3 Recruitment Metrics:  Every Company Needs to Know

3 Recruitment Metrics: Every Company Needs to Know

Data is the language most business leaders speak very fluently and as the talent wars continue, it is becoming increasingly important to back up recruiting activity with numbers. We shouldn’t take business leaders into data immediately. An overall picture or a summary is a must before we take them into individual data elements.

So now, the question becomes what are the best metrics to show. It’s easy to get caught up in pages of numbers only to find that no one is reading them.To make things easy, here are the three metrics one should start with:

1. Cost per hire

It’s absolutely essential to understand the cost of hiring someone. Here are a couple of scenarios to illustrate the point.

You’re the vice president of human resources for a retail operation. Your company is getting ready to open a new location and will need to hire 100 employees. The senior leadership team is putting together the budget to build and open the new location. You will need to provide them with the cost of hiring those 100 employees.

You’re the director of human resources for a consulting firm that was just awarded a huge contract. In the proposal, the company indicated that they would need to hire 3 employees who would be dedicated to the project. The cost to hire those employees was included in the proposal.

The Society for Human Resource Management (SHRM) and the American National Standards Institute (ANSI) have partnered to develop a universally accepted calculation for cost per hire (CPH):

CPH = (EC + IC) / THP

EC = external costs for all spending outside the organization including staffing agencies, advertising, job fairs, travel, drug testing, background checks, signing bonuses, etc.
IC = internal costs include recruiting staff salary and benefits, time cost for the hiring manager, fixed costs for infrastructure, government compliance, referral bonuses, etc.
THP = total number of hires for the time period being evaluated.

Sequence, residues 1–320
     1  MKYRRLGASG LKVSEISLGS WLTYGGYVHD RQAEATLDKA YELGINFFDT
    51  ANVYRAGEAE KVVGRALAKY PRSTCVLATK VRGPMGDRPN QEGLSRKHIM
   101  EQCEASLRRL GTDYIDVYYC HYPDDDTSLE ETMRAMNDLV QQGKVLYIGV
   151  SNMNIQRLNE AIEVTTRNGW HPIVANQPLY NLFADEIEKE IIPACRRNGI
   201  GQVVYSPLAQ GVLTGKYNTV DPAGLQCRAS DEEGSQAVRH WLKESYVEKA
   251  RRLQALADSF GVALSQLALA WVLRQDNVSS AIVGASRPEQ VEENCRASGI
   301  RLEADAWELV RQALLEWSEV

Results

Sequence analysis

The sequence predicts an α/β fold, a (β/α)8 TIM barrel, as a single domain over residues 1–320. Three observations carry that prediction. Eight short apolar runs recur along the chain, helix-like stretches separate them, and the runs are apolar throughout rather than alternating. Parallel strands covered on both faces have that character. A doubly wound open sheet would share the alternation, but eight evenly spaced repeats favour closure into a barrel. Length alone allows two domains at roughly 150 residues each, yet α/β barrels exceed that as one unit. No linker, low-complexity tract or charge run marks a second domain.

2. Source of hire

This data tells the company where their applicants, candidates and new hires are coming from. Examples might include job boards, social media sites and mobile platforms. Please note, there is a difference in where sources come from. It’s possible that a source can provide a lot of applicants that don’t turn into candidates, much less new hires. Companies need to spend their resources where it has the greatest impact.

Speaking of impact, employee referral programs continue to provide an effective cost and quality per hire. It’s the reason many companies offer a referral bonus. In essence, the employee is helping to offset the cost of hiring and providing a quality candidate. But this also means that companies need to carefully consider the referral bonus amount. To do it right, the referral bonus should be established with cost per hire in mind.

Let me also add that employee referral bonuses should be given for doing just that – providing the referral. Referral bonuses are not retention bonuses. If an employee provides the referral and the candidate is hired, that’s when the bonus should be paid – not three months or six months down the line. The company – not the employee – needs to accept responsibility for employee retention.

2. Quality of Hire:

(PR+HP+HR)/ N

Where,

PR= Performance rating

HP= % of new hires reaching acceptable productivity with acceptable time frame.

HR= % of new hires retained after 1 year.

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